Where to find the best dim sum, other Chinese dishes in Manhattan Beach – Daily Breeze

Stroll through the very affable Manhattan Village food court and you’ll find yourself surrounded by eateries like Joey’s, Edo Bites, Sweetgreen, California Pizza Kitchen, Coffee Bean & Tea Leaf, and Handel’s ice cream. Walk a little further, and there’s Mercado and Islands and Tin Roof Bistro.

But where, I had to wonder, on a recent cool night, was modern chinese dan? It’s there, but not necessarily there. It is on a through road across from the main shopping area, more or less opposite Macy’s. It’s easy to miss. Which would be a shame. For Dan serves up some of the best Chinese food for miles around, although admittedly competition in the area is limited. It is worth finding it.

Unlike the Chinese enclaves of Monterey Park, Alhambra, Rosemead and San Gabriel, the South Bay is not teeming with dim sum houses, similar to the huge Hong Kong-style food halls, where dumplings are served for a breakfast and late lunch only. Show up in the evening craving shui mai or har gow, and you’re out of luck. But at Dan, (as at Din Tai Fung in Torrance), the rules are much looser.

Of course, Din Tai Fung offers its soup noodles and dumplings with a full bar – and a guaranteed wait most of the time. But Dan… is much easier to integrate. Dan is a big part of the American dim sum movement all the time.

But it’s also unique in the sheer… comfort of its setting. Modernist, yes. But still, a very cozy place to contemplate the joys of xiao long bao — soup dumplings, of which Dan offers six variations. Which is also unique; even the best-known soup dumpling shops offer… a soup dumpling. But at Dan’s, there’s pork, pork and crab, pork and shrimp, spicy pork, chicken, and chicken and shrimp.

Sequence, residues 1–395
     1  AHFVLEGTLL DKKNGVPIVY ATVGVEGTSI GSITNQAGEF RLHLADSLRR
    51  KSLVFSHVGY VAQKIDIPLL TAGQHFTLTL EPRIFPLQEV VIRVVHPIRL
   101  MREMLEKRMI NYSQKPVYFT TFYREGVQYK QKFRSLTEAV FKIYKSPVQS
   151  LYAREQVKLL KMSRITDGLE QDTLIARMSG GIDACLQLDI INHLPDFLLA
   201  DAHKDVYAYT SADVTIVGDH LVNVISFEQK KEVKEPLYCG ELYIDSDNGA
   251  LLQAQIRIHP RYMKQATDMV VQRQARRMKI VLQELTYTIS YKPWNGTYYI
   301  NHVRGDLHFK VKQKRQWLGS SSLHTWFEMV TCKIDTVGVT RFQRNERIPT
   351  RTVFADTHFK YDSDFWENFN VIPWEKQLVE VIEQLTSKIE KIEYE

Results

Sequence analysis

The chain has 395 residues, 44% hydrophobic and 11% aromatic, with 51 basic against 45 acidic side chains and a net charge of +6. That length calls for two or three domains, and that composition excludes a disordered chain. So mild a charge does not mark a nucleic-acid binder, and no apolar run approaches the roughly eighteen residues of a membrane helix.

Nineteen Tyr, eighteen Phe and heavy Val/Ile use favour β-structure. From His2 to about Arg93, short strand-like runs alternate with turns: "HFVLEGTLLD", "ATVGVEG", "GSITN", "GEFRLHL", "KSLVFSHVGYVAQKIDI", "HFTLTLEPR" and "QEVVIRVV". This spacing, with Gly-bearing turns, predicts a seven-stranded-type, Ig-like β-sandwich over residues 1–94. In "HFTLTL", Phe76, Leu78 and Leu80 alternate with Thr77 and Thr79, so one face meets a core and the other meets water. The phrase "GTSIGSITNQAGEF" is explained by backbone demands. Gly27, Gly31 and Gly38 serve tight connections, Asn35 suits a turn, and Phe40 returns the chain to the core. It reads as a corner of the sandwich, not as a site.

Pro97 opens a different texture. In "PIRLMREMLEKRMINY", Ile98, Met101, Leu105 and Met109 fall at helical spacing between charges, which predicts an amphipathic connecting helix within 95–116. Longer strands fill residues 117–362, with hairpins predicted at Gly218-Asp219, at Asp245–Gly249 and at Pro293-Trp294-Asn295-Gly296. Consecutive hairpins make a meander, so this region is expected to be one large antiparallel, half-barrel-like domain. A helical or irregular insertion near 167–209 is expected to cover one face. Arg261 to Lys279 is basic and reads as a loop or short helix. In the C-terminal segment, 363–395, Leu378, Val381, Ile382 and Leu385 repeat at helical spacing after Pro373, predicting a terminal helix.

The funny thing about all of these variations is that for most of us, the wonder of the soup dumpling is the little miracle of hot soup…wrapped in a dumpling, a culinary parlor trick the wise have learned. of us to swallow with caution. Put a steaming hot dumpling of soup in your mouth and expect a burning palate that will stay with you for a while. The trick is to bite with a certain delicacy, which is not easy when you have an appetizing basket of ravioli in front of you.

  • Soup dumplings at Dan Modern Chinese restaurant in Manhattan Beach (Photo by Merrill Shindler)

  • We are ready for an order of delicious dumplings at Dan Modern Chinese restaurant. (Photo by Merrill Shindler)

  • The Dan Modern Chinese restaurant in Manhattan Beach serves a small menu of dumplings, soups, fried rice, and a handful of entrees. (Photo by Merrill Shindler)

Dan’s menu is both brief (in Chinese restaurant terms) and sufficient. I certainly had no problem hosting a proper dim sum feast, adding to my table several of the four non-soup dumplings (pork, pork and pork and shrimp, chicken and vegetables), each available steamed, pan-fried or crispy. Mixing and matching them is fun and tasty. Although the menu notes to “allow extra time for the crispy dumplings”.

And most of us will be done inhaling the meal by then. It’s ‘frenzied’ cooking – the dishes arrive on the table and everyone starts to gobble. Not that there’s anything wrong with that.